A professional sports team’s identity is defined by its fan base. Home field advantage, free agent pursuits, jersey sales, and yes, even the big contracts are all driven by our desire to watch our favorite sports team. And while each and every professional sports team’s fan base may be different, at the core we all share the same belief: to forget about everyday life for a few hours and cheer on our team like maniacs.
And let’s face it, that’s what us fans are. Maniacs. We wear the same jersey to every game out of superstition. We wake up at ungodly hours to get the prime spot at the tailgate. We paint our faces, name our kids after our favorite athletes, and chant fight songs as if we’re in some tribal subculture. And despite how crazy we can be, every fan base has a small group of individuals who go beyond, pushing the outer limits of fandom. They’ve transcended the average life of a fan and have become local celebrities.
We’re of course talking about the Superfans. You know who they are, where they sit, and what they wear to every game. It’s a big deal if you run into them at the tailgate, or if they’re in your section at the stadium. Some of them get more TV time than the players or coaches. Many become a voice that represent the fan base. They don’t just support their favorite team, they’ve dedicated their lives to doing so.
It’s no question that Mets fans are some of the most loyal in all of baseball, and our superfans are no exception. Citi Field and Shea Stadium have boasted quite the cast of characters over the years, but in the end some superfans stand out more than others. It’s tough to cover them all, but after some research, I present to you my Superfan top 5:
1) Sign Man Karl Ehrhardt, AKA “Sign Man”, is one of the most iconic superfans in Mets history. He was known for holding up a variety of large signs at Shea Stadium during every Mets home game he attended.
He was seen doing this at Shea since the team’s inception in 1962, up through 1981 when he had a falling out with the team. Anything was fair game for one of Ehrhardt’s signs, whether it was words of encouragement for the team or taking a shot at management.
Although Ehrhardt passed away in 2008, he did have time to make amends with the team before that. In 2002, he showed to honor the Mets 40th anniversary with a sign that read “THE SIGN MAN LIVES”.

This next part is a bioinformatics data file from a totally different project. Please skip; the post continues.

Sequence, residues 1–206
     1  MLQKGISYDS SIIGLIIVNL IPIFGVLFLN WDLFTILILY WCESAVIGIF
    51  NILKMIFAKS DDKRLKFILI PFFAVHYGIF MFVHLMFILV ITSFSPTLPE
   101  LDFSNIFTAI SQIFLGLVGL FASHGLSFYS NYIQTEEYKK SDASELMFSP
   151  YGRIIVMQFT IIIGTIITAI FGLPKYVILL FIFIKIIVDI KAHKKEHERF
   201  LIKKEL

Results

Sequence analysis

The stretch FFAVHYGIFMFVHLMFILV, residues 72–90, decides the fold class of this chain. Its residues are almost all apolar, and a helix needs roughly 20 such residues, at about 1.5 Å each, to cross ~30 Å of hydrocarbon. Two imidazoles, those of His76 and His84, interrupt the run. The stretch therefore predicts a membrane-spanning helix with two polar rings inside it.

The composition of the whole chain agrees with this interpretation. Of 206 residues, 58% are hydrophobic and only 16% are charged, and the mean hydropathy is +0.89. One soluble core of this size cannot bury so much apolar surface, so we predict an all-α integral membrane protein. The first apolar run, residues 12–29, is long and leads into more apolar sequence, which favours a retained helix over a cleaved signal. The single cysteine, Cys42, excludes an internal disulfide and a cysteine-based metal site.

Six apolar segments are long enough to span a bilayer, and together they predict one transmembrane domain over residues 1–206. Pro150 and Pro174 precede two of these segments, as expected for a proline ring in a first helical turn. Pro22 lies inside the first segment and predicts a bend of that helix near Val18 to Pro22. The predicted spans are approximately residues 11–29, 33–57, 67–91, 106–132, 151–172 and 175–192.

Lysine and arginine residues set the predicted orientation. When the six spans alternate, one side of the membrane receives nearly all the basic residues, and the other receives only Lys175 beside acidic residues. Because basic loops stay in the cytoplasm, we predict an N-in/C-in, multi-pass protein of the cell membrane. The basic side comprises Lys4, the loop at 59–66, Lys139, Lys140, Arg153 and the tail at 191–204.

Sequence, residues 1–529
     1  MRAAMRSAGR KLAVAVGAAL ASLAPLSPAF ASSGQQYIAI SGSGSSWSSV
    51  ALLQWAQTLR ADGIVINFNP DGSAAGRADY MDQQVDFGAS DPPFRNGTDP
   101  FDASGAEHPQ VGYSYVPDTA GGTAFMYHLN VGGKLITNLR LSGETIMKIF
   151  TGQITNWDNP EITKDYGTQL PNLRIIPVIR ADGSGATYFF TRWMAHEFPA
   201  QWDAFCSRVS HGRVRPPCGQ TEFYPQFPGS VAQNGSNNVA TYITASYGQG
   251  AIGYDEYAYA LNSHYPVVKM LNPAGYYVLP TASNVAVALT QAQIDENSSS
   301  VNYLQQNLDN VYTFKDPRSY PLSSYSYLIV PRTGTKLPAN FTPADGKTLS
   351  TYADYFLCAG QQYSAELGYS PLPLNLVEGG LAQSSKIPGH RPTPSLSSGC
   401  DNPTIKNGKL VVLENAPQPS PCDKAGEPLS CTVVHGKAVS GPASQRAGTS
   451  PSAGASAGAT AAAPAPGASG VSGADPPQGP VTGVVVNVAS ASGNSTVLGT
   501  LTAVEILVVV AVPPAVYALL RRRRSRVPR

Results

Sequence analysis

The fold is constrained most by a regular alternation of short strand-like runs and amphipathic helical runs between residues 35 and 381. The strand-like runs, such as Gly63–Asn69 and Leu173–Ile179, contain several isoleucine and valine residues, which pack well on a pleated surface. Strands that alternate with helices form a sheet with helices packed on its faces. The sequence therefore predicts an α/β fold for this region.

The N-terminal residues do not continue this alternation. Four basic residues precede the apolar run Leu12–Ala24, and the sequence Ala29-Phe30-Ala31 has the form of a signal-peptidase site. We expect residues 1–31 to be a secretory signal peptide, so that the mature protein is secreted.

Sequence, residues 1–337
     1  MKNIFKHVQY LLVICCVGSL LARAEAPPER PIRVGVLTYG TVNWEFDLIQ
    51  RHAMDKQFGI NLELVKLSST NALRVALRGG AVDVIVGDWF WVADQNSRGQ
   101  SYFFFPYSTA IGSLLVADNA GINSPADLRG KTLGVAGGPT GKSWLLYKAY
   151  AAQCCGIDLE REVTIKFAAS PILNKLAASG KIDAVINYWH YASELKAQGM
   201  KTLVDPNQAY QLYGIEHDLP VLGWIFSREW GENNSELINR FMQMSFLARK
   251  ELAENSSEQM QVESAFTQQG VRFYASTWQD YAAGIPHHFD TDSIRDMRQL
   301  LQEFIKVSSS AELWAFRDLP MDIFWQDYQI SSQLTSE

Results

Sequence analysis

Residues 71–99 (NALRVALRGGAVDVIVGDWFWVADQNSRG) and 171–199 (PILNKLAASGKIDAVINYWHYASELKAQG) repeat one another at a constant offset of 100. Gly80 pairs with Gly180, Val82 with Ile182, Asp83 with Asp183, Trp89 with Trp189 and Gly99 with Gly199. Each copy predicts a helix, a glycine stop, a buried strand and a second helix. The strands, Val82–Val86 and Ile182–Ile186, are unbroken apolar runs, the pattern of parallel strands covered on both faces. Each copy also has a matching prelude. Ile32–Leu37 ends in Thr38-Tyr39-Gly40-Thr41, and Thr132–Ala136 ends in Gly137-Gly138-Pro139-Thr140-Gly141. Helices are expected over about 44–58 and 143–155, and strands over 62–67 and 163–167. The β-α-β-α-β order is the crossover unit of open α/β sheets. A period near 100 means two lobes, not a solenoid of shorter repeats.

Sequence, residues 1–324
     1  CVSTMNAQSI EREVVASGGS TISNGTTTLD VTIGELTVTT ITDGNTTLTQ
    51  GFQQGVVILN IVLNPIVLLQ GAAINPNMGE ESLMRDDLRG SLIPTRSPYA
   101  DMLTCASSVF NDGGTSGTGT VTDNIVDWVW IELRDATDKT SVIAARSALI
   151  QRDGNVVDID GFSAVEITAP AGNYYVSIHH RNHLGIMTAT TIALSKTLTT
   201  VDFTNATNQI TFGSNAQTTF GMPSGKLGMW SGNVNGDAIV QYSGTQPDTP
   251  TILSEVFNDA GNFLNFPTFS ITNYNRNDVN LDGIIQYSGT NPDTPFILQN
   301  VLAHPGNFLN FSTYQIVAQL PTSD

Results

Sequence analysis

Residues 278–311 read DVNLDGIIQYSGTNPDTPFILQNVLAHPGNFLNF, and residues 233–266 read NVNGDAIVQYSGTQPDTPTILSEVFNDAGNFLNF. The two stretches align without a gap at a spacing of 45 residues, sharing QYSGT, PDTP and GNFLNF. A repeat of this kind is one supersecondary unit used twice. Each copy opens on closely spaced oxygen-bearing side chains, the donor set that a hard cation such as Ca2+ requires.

2) Pin Man
One of the most recognizable superfans at Citi Field, Nick Giampietro AKA “Pinman” turns heads for the amount of pins he has tacked onto his custom Mets jersey and hat.
His collection of pins is quite the display - ranging from static and dull to flashy and containing scrolling text. His pins are a collection that starts from the team’s 1962 inaugural year and culminate with the present day. Often seen taking pictures with the fans, Pinman has become a true mayor of the Citi Field seats.
3) Cowbell Man
Eddie Boison, AKA “Cowbell Man”, is another one of the more recognizable superfans at Citi. He can be seen, and heard, going from section to section trying to rile up the crowd by banging a cow bell. Eddie has been banging his bell since 1975, and has been a fixture for the Mets’ in-stadium experience for over 40 years.
4) Tie Guy
Ernie Searle, AKA “Tie Guy”, is another die-hard Mets superfan. He’s known for sporting a variety of Mets ties over the years, a collection that has grown to over 50 different types. When Ernie isn’t going nuts at Mets game, he’s still not far from the team. He works as a traffic director in the parking lots outside of Citi Field. He can be seen at games wearing one of his patented ties along with a dress shirt donning the number “69” on the back, as well as a custom “Tie Guy” hat.
5) Sign Guy
Not to be confused with “Sign Man”, Sal Candiano has also used signs to make his mark as one of the top Mets superfans. “Sign Guy”, as he’s known, sits in the same section each game with a plethora of custom-made posters that rally the Flushing home crowd on the Jumbotron. If you miss him on the big screen, look for him in section 301, overlooking the bullpen and holding up one of his patented posters.
If you're going to bash the Mets, at least do it based on facts. Jim Rome could have filled his CBS Sports Minute praising the Mets. Instead he completely butchered the truth, and dragged Sandy Alderson through the mud for no good reason.
Late last night Pete Alonso sprinkled a little pixie dust in the eyes of those clamoring for the Mets to bring back the black jerseys in 2021. Distractions are needed right now, and if a piece of fabric can do that for people, have at it.